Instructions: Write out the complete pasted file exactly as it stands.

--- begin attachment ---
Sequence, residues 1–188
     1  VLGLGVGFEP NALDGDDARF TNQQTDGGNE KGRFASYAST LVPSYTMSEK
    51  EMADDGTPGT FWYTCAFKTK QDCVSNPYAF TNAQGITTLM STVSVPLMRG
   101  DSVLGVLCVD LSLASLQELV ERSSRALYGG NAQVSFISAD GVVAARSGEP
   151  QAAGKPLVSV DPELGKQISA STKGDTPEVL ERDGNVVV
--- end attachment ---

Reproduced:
Sequence, residues 1–188
     1  VLGLGVGFEP NALDGDDARF TNQQTDGGNE KGRFASYAST LVPSYTMSEK
    51  EMADDGTPGT FWYTCAFKTK QDCVSNPYAF TNAQGITTLM STVSVPLMRG
   101  DSVLGVLCVD LSLASLQELV ERSSRALYGG NAQVSFISAD GVVAARSGEP
   151  QAAGKPLVSV DPELGKQISA STKGDTPEVL ERDGNVVV